Waiting Magnolia

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In Spring of 1999, Craig and I discovered Magnolia “Elizabeth, ” densely clustered with yellow blossoms,  planted at the edge of Longenecker Horticultural Garden’s collection of magnolias.  Smelling faintly of “Lemon Joy” dish detergent, her petals gleamed in the pale April sunshine.  An uncommon variety, subtly fragrant, and a reliable bloomer in USDA zone 4a, “Elizabeth” was, in my opinion, a perfect tree.  I knew right where I wanted to plant my yellow magnolia, behind our new house.  I would watch the golden, bird-like buds spread into lotus-shaped cups as I sipped coffee on our back porch.  I would catch a hint of lemony sweetness on the breeze through the kitchen window as I washed our dishes.  I took out the pocket notebook where I was compiling a list of plants we wanted for our landscape, and wrote “Magnolia Elizabeth” at the top of the list.

Before a spadeful of dirt could be turned, however, or a yellow magnolia planted, a Grand Backyard Scheme must be devised.  Craig considered all the factors.  Our plan had to be both simple and sophisticated; it had to demonstrate exacting taste and sensitivity to the site.  A seemingly bottomless reservoir of pent-up imagination poured through his mechanical pencil onto sheets of tracing vellum.  Berms and ground-level decks, benches and perennial beds overwhelmed me with choices.  No matter how much I liked the plan Craig showed me, there was always a little more work to do before we could choose a design and start digging.

“This year, we might not plant anything, honey, ok?  This year, we’ll let the grass grow and I’ll mow some paths to try out, ok?  Your tree will be in there, I promise.”  But that summer the location of the water feature and the proximity of the grilling area to the kitchen could never quite be resolved.  Planting the magnolia had to wait.  The following year, a source for perfect mid-century paving blocks could not be located, so the size of perennial bed had to be reconsidered, including the location of the magnolia.  Grass would grow, leaves would fall, and Craig would return to drawing another, better backyard for next year.  In our unused real-life backyard, there was still literally nowhere to plant my yellow magnolia.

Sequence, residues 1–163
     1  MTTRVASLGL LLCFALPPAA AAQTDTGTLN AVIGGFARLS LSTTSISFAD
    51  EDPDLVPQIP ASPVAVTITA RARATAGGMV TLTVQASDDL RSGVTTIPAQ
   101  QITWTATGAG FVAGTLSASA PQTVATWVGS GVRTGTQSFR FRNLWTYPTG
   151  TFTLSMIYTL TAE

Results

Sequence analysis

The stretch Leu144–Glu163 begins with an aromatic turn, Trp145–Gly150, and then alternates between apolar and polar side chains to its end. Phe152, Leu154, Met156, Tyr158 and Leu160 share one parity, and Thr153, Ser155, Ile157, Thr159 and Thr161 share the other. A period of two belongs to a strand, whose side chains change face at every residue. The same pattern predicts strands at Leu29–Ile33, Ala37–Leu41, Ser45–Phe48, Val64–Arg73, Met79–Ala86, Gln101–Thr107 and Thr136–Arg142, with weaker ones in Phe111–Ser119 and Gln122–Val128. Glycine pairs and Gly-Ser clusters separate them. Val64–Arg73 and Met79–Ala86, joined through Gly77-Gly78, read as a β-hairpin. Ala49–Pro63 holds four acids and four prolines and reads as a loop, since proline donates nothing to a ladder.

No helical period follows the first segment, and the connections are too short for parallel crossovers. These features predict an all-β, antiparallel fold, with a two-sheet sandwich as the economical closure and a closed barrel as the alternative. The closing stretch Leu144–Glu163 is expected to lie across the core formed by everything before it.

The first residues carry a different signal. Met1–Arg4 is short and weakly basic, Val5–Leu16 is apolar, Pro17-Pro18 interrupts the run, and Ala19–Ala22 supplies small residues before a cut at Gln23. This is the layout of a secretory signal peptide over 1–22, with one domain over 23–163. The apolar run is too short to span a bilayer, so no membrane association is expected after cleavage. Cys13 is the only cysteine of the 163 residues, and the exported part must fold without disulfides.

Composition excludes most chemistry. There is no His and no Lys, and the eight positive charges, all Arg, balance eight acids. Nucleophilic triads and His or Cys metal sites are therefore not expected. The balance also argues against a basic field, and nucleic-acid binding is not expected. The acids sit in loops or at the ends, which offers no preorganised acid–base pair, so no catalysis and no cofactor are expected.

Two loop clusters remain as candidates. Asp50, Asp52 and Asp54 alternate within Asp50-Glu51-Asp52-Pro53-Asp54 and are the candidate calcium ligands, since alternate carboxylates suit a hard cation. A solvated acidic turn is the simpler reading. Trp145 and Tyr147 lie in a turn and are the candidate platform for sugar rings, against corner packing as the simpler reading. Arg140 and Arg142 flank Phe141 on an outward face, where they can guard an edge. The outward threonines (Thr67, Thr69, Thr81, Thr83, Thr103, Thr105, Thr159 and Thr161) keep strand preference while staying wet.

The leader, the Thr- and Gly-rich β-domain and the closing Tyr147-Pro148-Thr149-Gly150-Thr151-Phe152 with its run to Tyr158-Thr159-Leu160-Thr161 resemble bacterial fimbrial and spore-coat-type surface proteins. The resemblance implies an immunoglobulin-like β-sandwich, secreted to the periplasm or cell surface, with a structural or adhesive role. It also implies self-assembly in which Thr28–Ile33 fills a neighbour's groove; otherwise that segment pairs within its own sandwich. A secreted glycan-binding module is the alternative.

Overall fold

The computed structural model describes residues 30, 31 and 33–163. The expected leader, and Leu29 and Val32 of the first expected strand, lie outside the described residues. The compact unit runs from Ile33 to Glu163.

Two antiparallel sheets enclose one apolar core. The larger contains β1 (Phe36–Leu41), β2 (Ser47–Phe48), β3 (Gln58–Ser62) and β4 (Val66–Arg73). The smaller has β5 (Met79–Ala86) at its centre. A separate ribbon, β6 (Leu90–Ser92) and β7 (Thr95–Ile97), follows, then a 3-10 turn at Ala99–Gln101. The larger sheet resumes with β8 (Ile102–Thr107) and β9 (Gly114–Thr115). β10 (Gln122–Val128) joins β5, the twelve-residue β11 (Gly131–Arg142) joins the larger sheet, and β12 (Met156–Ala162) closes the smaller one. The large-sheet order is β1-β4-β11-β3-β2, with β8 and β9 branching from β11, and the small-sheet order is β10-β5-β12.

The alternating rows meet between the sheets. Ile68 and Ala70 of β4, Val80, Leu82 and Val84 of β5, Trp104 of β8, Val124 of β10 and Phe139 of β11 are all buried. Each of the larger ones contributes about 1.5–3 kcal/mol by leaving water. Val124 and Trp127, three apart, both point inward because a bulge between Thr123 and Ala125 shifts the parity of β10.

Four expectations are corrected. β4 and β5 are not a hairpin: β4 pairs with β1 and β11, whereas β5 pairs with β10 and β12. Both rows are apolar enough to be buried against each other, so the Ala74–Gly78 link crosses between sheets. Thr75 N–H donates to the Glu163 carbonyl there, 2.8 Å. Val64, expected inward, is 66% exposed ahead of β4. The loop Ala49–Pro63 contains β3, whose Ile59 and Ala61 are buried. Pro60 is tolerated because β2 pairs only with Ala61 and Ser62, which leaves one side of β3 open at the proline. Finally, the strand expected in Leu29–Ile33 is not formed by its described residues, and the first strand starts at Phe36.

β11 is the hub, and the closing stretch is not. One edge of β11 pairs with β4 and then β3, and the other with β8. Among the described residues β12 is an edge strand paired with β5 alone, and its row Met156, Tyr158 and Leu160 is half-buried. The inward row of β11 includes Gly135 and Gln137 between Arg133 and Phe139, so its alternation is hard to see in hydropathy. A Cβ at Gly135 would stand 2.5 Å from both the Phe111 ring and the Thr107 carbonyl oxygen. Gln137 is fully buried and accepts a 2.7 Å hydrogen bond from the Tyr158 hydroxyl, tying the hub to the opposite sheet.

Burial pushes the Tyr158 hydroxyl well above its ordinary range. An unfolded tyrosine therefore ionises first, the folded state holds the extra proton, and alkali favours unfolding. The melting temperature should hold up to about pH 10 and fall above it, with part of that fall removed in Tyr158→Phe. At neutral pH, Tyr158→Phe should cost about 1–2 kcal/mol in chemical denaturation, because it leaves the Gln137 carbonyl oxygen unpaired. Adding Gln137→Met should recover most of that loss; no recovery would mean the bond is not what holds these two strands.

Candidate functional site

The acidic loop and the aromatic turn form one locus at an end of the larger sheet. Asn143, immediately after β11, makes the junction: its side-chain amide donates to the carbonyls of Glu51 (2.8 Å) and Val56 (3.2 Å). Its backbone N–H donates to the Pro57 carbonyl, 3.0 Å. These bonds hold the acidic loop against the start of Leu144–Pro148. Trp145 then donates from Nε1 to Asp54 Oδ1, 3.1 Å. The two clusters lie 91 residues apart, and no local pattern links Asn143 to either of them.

When our 10 year marriage ended, so did the stalemate with our backyard.  We sold the house’s insufficiencies – and the decisions that couldn’t be made about how to correct them – to someone else.  At the final walk through with the new owner, Craig handed the confident young man dozens of tabloid sheets of tracing vellum – all the plans he had drawn for kitchen remodels, entry way relocations, and landscaping features.  “There’s no reason for me to keep these now” he said, “maybe you’ll – there’s a lot of ideas here.”   “Cool, cool,” the new owner replied, taking the drawings, a little confused.  Craig was suddenly embarrassed, realizing for the first time that the house might actually seem good enough to this guy, just the way it was.

I don’t miss the house on the east side of Charles Lane, just south of Tokay, but I wouldn’t have minded leaving a tree full of yellow flowers there for the next person.   If we had planted one the spring we found “Elizabeth,” she  would be about 14 years old today.  I wish I could sneak into my old backyard this year to see how Magnolia Elizabeth is doing.  Did she bloom a little earlier in her open spot, between the kitchen window and the porch, where the sun was brightest in the early spring, before the trees along the fence line leafed in?  Or were her buds still perched along the skeleton of branches, waiting to spread their petals and fly away?

Maybe it’s not too late.

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